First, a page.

VI. Suspension of legal proceedings

The suspension of legal proceedings refers to temporary suspension of ongoing legal proceedings when certain special situations occur. The legal proceedings will be continued instead of restarted when the reason for suspension disappears, as actions before suspension still have legal effect.
During intellectual property proceedings, when a plaintiff sues a defendant for infringement of intellectual property, the defendant may plead against the ownership/validity of the intellectual property right or its effectiveness, which will create an action relating to ownership and/or validity, or a dispute as to the effectiveness of such rights. Ownership /validity and effectiveness of rights are the bases for bringing a lawsuit, and, thus, a court can finally decide only after the result, of these issues have been determined. The suspension of intellectual property proceedings can be divided into the following types in terms of the involved intellectual property.
1. Litigation suspension of copyright cases

In the proceedings involving copyright infringement, if the copyright’s attribution is disputed, the infringement litigation will be temporarily suspended in order to await a decision as to the other party’s rights, as made by the local court or courts in different areas. In addition, if there are conflicts among different rights which are owned by different entities in the fields of copyright, patent right of industrial design or exclusive rights to a well-known commodity’s name, package and decoration, when the plaintiff brings an infringement litigation, the defendant or a third party will plead or bring a new suit in terms of the prior right of the other intellectual property, thus leading to the likely suspension of infringement proceedings.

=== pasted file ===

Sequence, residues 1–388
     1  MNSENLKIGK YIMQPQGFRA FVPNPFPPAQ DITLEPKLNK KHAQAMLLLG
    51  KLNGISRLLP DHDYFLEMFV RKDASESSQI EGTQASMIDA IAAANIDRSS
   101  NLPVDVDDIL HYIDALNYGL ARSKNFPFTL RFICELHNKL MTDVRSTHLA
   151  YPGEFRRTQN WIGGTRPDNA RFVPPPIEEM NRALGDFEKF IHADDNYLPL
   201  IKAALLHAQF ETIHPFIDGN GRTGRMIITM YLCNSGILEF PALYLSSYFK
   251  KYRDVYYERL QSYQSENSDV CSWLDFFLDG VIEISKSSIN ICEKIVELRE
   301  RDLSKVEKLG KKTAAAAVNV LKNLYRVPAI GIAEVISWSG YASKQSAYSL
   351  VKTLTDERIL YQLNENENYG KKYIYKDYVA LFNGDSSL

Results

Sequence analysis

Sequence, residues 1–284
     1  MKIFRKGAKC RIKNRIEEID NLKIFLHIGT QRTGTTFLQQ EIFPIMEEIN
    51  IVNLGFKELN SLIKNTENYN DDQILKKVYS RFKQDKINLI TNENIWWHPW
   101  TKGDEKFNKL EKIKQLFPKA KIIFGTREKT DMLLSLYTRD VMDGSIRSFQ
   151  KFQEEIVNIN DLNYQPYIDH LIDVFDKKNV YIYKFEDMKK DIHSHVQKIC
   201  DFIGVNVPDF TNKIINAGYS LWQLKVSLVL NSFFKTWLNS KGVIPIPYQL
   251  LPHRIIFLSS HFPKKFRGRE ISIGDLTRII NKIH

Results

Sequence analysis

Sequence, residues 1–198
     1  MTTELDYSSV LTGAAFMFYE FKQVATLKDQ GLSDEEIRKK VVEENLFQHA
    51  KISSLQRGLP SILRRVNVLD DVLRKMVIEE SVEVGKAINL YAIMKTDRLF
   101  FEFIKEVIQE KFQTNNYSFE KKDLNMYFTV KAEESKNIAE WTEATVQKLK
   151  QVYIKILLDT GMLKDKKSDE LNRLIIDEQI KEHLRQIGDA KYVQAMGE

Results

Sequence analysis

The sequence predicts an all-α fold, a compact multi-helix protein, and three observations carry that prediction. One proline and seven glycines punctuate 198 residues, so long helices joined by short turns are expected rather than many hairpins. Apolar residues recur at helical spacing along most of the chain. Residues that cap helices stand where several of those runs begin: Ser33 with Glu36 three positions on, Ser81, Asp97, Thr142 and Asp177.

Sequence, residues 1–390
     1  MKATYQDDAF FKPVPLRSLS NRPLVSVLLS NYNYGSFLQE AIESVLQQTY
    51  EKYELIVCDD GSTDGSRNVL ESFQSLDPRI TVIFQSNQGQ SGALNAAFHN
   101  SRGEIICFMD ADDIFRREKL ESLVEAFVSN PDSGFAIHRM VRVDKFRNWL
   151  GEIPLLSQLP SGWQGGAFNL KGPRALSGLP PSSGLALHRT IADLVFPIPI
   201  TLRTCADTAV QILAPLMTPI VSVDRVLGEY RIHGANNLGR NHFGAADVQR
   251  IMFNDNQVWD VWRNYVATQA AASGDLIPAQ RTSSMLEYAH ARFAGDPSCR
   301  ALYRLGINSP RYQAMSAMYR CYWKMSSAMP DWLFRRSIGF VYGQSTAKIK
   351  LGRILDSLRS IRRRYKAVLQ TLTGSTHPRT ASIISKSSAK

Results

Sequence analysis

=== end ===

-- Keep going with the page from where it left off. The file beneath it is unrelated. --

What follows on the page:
2. Litigation suspension of patent right cases

This is the most typical and complicated situation. Different from a copyright’s automatic acquisition, the acquisition of patent rights need application and examination, and also the authorized agency for examination and the trial agency are different. Therefore, except for the dispute of patent right attribution, there are the disputes as to patent effectiveness and enforceability, which may also lead to suspension of litigation. In view of this situation, the Supreme People’s Court issued a new regulation in the “Explanation on the Trial Issues of Patent Dispute”, on December 31, 1992:
(1) After accepting tort cases for infringement of utility models or patents for industrial designs, when the court sends the duplicate bill of complaint to the defendant, the court must notify the defendant that if he wants to claim invalidity of the patent right at issue, he must propose the same to the Patent Review Bureau within the period of submission of defense. If the defendant requests to claim that such patent right is invalid, the people’s court must suspend the proceeding.
(2) If the defendant does not request or claim that the patent right is invalid, the People’s Court may not suspend the proceeding.
(3) In cases of infringement of an invention patent right accepted by the court in cases of infringement of utility models patents affirmed by the Patent Review Bureau, if the defendant does not to claim/request that the patent right at issue be considered invalid, the People’s Court may not suspend the proceeding.